Student to receive robotic 3D printed arm from Shriners, Wash U. School of Medicine

This is an archived article and the information in the article may be outdated. Please look at the time stamp on the story to see when it was last updated.

ST. LOUIS, MO (KTVI) - A high school student will receive a robotic 3D printed arm from Shriners Hospital and Washing University School of Medicine. Sydney Kendall is receiving one of the most innovative 3D printed robotic arms from the unique and long-standing collaboration between both facilities.

“With this arm I have more opportunities to do more things and try new things,” Kendall said.

FOX 2 first introduced Sydney story one year ago in May, when she received her first 3D robotic arm. Sydney lost much of her right arm in a boating accident eight years ago. At the time she had two standard prostheses, a cosmetic one for balance when she skis and one that allowed a pinching movement.

It’s Kendall’s second prosthetic arm to be made by a printer. This one is even better.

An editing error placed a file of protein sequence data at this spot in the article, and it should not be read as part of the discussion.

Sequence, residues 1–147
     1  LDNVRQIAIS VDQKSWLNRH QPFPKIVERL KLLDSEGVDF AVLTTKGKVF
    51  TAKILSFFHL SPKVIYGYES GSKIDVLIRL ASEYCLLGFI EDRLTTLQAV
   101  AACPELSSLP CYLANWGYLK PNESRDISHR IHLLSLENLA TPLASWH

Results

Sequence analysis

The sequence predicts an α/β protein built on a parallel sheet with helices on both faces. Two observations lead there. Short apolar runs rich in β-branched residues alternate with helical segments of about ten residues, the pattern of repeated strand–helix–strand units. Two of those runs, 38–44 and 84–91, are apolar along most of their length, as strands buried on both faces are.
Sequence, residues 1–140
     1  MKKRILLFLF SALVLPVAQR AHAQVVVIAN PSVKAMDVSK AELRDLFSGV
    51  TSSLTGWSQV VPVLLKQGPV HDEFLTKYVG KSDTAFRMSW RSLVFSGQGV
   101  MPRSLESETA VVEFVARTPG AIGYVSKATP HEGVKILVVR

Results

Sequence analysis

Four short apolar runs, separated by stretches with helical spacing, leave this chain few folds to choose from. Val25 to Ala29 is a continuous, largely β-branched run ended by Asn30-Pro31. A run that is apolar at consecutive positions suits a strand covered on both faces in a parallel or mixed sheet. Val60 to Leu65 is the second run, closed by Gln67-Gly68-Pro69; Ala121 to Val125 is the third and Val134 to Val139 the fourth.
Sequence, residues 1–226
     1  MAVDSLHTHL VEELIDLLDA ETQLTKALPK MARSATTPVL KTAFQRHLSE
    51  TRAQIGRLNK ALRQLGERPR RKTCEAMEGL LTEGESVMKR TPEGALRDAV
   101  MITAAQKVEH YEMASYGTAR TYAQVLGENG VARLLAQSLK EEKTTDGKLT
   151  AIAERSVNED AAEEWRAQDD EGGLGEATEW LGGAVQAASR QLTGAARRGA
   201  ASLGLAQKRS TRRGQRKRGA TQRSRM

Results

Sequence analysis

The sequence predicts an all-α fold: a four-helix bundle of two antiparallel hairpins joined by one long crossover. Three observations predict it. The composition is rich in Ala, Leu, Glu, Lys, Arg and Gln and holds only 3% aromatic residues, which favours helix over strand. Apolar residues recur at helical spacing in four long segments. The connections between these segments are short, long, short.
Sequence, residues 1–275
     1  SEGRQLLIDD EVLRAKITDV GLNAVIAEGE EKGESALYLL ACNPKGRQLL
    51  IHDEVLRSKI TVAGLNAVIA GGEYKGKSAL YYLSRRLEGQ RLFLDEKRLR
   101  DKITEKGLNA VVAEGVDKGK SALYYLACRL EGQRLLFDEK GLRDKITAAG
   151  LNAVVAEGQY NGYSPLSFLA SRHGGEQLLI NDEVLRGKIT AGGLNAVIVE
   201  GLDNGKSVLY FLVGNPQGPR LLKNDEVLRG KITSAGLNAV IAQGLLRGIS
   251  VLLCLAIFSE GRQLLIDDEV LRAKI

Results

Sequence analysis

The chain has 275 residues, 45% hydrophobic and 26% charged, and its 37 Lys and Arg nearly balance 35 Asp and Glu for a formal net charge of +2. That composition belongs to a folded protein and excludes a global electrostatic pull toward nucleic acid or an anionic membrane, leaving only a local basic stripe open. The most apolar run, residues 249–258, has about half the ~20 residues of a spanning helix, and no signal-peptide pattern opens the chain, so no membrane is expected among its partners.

“It will have the ability to have fine motion in the fingers and the wrist," Shriners Hospital Chief of Staff Dr. Perry Schoenecker said.

Sydney lost her own arm in a boating accident. Shriners and experts at Washington University Medical School worked together creating the affordable medical device. Washington University engineering students came up with the idea and with the help of a 3D printer the dream became reality.

Conventional prosthetic costs about $15,000 the new ones, made on a 3D printer cost just over $100. Making them even cheaper on a printer means more kids can get help.

“There are so many underprivileged kids across the world that would need these type of prostheses,” said Nic Thompson Jr., a scientist at Wash University.

The 14-year-old high school freshman now exudes confidence and happiness.

“See how excited she is and the smile on her face it’s pretty neat,” said Mike Kendall, Sydney's father.

His daughter wants to be a doctor.

Beth Kendall, her mother, adds, “She thinks this is neat, (she) can pave the way to make prosthetics more available for kids.”

Sydney said she can't wait to show it off to her fellow students.

"I think they're going to think it's really cool because they've just never seen anything like this. Especially since it's made from a 3D printer," said Sydney.